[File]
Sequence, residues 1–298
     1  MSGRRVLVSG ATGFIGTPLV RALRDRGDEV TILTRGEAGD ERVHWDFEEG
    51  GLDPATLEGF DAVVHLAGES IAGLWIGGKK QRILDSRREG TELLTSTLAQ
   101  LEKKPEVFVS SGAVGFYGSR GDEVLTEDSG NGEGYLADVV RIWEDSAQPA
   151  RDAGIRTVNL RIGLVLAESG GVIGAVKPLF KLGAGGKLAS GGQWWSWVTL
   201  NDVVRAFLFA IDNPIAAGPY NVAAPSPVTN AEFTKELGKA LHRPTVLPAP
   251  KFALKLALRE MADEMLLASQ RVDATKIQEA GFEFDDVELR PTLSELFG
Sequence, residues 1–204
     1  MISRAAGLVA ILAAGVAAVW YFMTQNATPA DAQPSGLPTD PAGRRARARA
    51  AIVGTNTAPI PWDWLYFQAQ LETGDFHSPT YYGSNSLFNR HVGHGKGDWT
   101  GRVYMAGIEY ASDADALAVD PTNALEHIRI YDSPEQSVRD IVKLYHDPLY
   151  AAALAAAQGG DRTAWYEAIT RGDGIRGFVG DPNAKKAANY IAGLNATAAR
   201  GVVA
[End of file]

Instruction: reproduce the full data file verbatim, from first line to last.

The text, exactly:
Sequence, residues 1–298
     1  MSGRRVLVSG ATGFIGTPLV RALRDRGDEV TILTRGEAGD ERVHWDFEEG
    51  GLDPATLEGF DAVVHLAGES IAGLWIGGKK QRILDSRREG TELLTSTLAQ
   101  LEKKPEVFVS SGAVGFYGSR GDEVLTEDSG NGEGYLADVV RIWEDSAQPA
   151  RDAGIRTVNL RIGLVLAESG GVIGAVKPLF KLGAGGKLAS GGQWWSWVTL
   201  NDVVRAFLFA IDNPIAAGPY NVAAPSPVTN AEFTKELGKA LHRPTVLPAP
   251  KFALKLALRE MADEMLLASQ RVDATKIQEA GFEFDDVELR PTLSELFG
Sequence, residues 1–204
     1  MISRAAGLVA ILAAGVAAVW YFMTQNATPA DAQPSGLPTD PAGRRARARA
    51  AIVGTNTAPI PWDWLYFQAQ LETGDFHSPT YYGSNSLFNR HVGHGKGDWT
   101  GRVYMAGIEY ASDADALAVD PTNALEHIRI YDSPEQSVRD IVKLYHDPLY
   151  AAALAAAQGG DRTAWYEAIT RGDGIRGFVG DPNAKKAANY IAGLNATAAR
   201  GVVA